Use Chili Peppers, and Hot Spices, Carefully

I love spicy foods. Now, compared to what you can get in Thailand, my food is not terribly spicy, but one Habanero pepper can pack a wallop. Even a jalapeno or serrano pepper can cause pain. Your mileage may vary here.

When I cook spicy foods, like Chuck's Kick In The Seat Of Your Pants Chili, or maybe Chuck's Memory Of Thailand Mango Salad (with fresh jalapeno peppers), I take precautions. If you are going to use my recipes, I advise the same, based upon experience. The hot peppers (Habanero), and spices (Cayenne), can cause burning - seriously - if you're not careful. I like to joke around - a lot - but I am not joking here.

  • When you clean and chop raw peppers, don't put your face in line with what you're chopping or cleaning. A squirt of juice or a seed from a jalapeno, in your face or your eye, will interrupt your cooking activities for more time than it takes to clean and chop it carefully.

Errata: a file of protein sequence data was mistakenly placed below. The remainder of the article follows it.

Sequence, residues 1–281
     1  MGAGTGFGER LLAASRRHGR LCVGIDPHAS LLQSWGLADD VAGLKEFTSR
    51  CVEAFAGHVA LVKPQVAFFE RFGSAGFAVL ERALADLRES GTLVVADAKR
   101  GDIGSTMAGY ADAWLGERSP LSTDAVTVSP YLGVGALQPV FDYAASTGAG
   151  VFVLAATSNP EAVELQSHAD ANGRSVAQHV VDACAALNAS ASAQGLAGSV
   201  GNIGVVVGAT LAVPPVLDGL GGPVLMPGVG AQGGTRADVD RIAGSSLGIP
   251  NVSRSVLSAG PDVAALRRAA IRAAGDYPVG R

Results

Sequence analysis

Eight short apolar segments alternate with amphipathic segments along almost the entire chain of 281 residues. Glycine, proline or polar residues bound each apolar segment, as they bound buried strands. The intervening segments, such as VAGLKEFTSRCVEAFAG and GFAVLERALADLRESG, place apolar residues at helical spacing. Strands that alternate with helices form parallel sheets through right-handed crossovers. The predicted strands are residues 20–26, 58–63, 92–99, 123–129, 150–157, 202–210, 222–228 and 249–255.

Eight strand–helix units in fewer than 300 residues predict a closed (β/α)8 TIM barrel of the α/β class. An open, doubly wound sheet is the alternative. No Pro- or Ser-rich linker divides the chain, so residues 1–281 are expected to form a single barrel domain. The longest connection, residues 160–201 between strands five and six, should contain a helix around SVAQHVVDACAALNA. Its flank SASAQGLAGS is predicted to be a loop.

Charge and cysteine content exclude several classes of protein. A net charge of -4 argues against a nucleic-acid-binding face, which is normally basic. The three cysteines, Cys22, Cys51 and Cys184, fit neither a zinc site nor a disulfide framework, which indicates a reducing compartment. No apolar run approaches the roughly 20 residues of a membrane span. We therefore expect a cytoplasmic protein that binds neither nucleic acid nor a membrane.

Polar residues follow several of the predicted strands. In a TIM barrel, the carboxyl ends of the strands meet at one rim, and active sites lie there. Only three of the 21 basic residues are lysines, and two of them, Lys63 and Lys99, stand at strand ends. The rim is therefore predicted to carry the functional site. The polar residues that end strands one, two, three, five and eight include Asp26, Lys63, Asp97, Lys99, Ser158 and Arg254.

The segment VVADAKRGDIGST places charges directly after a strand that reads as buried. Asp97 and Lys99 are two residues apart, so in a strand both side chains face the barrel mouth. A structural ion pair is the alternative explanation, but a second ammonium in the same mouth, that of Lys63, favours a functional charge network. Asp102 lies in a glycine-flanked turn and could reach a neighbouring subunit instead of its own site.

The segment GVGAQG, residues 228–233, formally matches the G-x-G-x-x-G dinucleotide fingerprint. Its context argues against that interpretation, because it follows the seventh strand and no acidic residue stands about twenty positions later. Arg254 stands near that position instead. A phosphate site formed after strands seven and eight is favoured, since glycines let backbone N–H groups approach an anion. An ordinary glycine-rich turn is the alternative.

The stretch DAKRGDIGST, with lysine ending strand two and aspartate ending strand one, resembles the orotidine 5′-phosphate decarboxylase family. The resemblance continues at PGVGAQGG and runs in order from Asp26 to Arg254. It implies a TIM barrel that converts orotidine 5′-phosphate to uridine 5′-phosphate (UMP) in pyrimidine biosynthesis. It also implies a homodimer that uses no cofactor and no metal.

• When you're cooking something with spicy vegetables, or hot spices in general, and you take the lid off the pan, use common sense. Don't stick your face into the fumes. Take the lid off with the opening pointing away from your face.

  • If any discomfort is felt in eyes, stop immediately what you're doing, and flush eyes with water. Never rub eyes with hands until following morning.

  • Wearing contact lenses may make your eyes especially sensitive to the fumes given off by the spices / hot peppers as they cook. Beware.

  • Wash hands thoroughly, under running water, after preparing chili peppers. I use a kitchen brush with plenty of detergent, and scrub each finger on both hands, and under the fingernails. Plan on 5 minutes of scrubbing.


If you ignore my advice, you'll find out one day what I'm talking about. Or you can laugh at me for being a wimp. Your choice.
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